People looking for answers to their mental health questions on the internet may be able to apply psychiatric labels to their experiences, but without an examination by a mental health professional in which evidence-based assessment tools are applied, self-diagnosis can be a very slippery slope. The journey towards receiving a legitimate, evidence-based diagnosis is one of mutual contribution. When an individual seeking mental health services comes to a licensed professional with an honest account of their personal history and symptomatology, and allows for an open dialogue surrounding the nature of their concern, the likelihood of a proper diagnosis is much higher.
The negative effects of self-diagnosis
When self-diagnosis is incorrect, proper care and treatment can be delayed, leading to very serious consequences. This delay in care can oftentimes be exacerbated by a type of confirmation bias. For example, consider a situation in which an individual identifies with a personal experience video on TikTok about dissociative amnesia. This information could create a self-fulfilling prophecy, wherein the person begins to identify episodes of normal forgetfulness with this specific pathology, when in fact they do not meet the diagnostic criteria for dissociative amnesia. They may pursue treatment modalities without the guidance of a trained professional, for a disorder they actually do not have. While this scenario seems far-fetched, situations similar to this have been well documented by mental health professionals.
According to Tristan Collazo, a licensed resident in counseling at Wholehearted Counseling in Virginia Beach and Carrollton, Virginia, “someone develops certain negative or harmful side effects or symptoms because they believe or expect that they will occur. In other words, a social media post saying that people with these particular symptoms have a particular disorder could cause someone to feel that they do, in fact, have the disorder or cause them to engage in behaviors that confirm it.” Furthermore, clinicians have described scenarios in which patients are reluctant to move forward with a particular therapist if the therapist does not agree with their own self-diagnosis. This can further delay care for someone that may be in need.
Mental health diagnoses are nuanced and complex. It takes a licensed professional to be able to properly diagnose them. In the scenario above, a licensed professional would be able to discern whether or not the individual was experiencing normal, temporary episodes of forgetfulness, or whether it would be necessary to do further screening and diagnostic tests to confirm a true diagnosis. As mentioned in the previous section, some disorders share symptomatology, and can easily be mistaken for one another. For example, mood swings can be present in manic-depression and bipolar disorder, but can also be found in borderline personality disorder. A parent may self-diagnose their child with ADHD, when in fact the child has sensory processing disorder, or maybe the child is experiencing a nonpathological delay in their development. Additionally, it is important to consider the possibility of a dual diagnosis, which is oftentimes overlooked by the untrained person trying to self-diagnose.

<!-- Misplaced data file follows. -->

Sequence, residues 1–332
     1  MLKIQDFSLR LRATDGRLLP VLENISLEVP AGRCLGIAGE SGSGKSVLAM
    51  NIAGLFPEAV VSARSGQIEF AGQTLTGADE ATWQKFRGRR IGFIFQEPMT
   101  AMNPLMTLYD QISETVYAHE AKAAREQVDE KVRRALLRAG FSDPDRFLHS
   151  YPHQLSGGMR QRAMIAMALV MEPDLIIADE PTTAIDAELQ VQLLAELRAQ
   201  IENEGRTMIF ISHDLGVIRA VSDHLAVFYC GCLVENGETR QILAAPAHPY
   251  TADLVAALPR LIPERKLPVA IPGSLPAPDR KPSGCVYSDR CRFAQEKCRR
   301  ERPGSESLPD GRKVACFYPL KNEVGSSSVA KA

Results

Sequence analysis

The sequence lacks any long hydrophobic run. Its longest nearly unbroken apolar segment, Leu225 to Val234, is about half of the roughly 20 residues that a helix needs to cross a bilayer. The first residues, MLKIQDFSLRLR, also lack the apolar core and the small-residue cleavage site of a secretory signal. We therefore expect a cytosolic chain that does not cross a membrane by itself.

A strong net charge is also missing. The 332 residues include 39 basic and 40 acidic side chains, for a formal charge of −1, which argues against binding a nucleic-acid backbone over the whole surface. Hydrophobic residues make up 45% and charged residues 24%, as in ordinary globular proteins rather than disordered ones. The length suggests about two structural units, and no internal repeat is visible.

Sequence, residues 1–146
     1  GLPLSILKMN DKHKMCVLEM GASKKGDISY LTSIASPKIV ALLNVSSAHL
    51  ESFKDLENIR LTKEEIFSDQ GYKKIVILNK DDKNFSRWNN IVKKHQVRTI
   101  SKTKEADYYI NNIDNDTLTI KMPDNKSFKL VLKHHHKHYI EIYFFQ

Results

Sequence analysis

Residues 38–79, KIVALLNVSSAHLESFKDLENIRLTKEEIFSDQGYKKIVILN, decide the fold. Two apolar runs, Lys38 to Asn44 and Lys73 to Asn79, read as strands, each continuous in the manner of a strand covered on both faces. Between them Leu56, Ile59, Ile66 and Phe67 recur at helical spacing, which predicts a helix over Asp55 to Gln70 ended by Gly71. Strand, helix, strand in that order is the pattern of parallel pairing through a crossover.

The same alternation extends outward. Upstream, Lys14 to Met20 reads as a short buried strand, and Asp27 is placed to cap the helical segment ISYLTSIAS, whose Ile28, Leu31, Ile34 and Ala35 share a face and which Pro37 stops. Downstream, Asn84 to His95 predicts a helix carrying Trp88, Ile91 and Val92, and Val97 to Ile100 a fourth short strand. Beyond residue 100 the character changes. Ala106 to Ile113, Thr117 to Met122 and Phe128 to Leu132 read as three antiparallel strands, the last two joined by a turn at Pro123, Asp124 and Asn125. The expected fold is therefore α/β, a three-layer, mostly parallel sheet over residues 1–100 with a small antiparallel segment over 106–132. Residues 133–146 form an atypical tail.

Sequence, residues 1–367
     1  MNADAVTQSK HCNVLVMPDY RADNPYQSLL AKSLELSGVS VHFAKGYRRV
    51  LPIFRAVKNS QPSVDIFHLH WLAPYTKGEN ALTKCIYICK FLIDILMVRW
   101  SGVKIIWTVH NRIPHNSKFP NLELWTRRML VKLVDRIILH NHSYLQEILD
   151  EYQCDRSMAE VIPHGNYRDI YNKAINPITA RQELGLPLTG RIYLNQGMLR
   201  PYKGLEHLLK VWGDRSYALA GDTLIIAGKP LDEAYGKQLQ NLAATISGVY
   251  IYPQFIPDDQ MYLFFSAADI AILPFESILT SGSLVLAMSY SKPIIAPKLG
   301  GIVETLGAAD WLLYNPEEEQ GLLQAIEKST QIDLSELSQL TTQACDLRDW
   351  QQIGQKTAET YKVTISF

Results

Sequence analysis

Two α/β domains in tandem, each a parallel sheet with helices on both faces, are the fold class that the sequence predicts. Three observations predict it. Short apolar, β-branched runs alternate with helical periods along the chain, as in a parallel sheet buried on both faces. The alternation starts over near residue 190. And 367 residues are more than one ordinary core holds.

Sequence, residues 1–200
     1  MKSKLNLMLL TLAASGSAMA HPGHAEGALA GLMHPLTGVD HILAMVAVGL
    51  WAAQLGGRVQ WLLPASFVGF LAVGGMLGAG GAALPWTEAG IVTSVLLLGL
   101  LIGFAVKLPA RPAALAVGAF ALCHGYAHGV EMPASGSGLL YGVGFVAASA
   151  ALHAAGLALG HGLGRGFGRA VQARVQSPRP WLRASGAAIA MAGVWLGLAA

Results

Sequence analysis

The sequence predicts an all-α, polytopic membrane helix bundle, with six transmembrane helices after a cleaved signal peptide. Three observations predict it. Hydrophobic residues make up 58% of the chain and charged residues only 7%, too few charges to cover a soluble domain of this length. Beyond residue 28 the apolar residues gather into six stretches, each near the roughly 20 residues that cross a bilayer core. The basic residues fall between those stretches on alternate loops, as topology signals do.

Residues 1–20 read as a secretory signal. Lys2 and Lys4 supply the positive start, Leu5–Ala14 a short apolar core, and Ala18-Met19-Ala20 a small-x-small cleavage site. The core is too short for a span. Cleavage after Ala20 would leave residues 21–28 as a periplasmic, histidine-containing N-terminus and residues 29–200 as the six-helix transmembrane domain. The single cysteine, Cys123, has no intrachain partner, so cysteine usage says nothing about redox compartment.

Mental health diagnoses are nuanced and complex. It takes a licensed professional to be able to properly diagnose them.
One of the most consequential adverse effects of self-diagnosis is the possibility of missing a serious medical disorder that is disguised as a mental or behavioral health issue. Certain endocrine, neurologic, and cardiac disorders can present similarly to major depressive disorder, generalized anxiety disorder, and many other mental health diagnoses. While a person may assume that they are suffering from depression, they could be experiencing symptoms related to hypothyroidism or a certain vitamin deficiency.
Receiving a diagnosis the right way
While the stigma surrounding mental health and wellness has lessened over the last several years, and more information and support is being provided on user-generated content sites like TikTok and Instagram for people dealing with mental health issues, it is important to remember that if your mental health is beginning to have an adverse effect on your day to day life, it is best to consult a licensed professional. Researching what may be going on with you can be helpful, if it is done in the right way, but more often than not, if you have found yourself in a situation in which you believe yourself to have a diagnosable mental health disorder, reaching out for help from the right source is imperative.
Support on your mental health journey
Charlie Health can provide individuals seeking mental health treatment options with a consultation that will help them gain insights into their feelings and symptoms from a trustworthy source. Once you reach out to Charlie Health and connect with our Admissions team, you will be matched with a personalized care plan within 24 hours.
According to an article in The Washington Post, the national mental health crisis has caused huge delays in people’s ability to receive mental health services, with many waiting for months to finally speak with a clinician. Teens and young adults are increasingly using easy-to-find resources such as social media platforms to explore their relationship with mental health and wellness during these uncertain times, but the unfortunate reality is that the quality of the information they are receiving is often inaccurate.
With the help of our trained professionals at Charlie Health, people seeking mental health services can expect prompt, well informed, and personally tailored care from a trusted source. Get started today.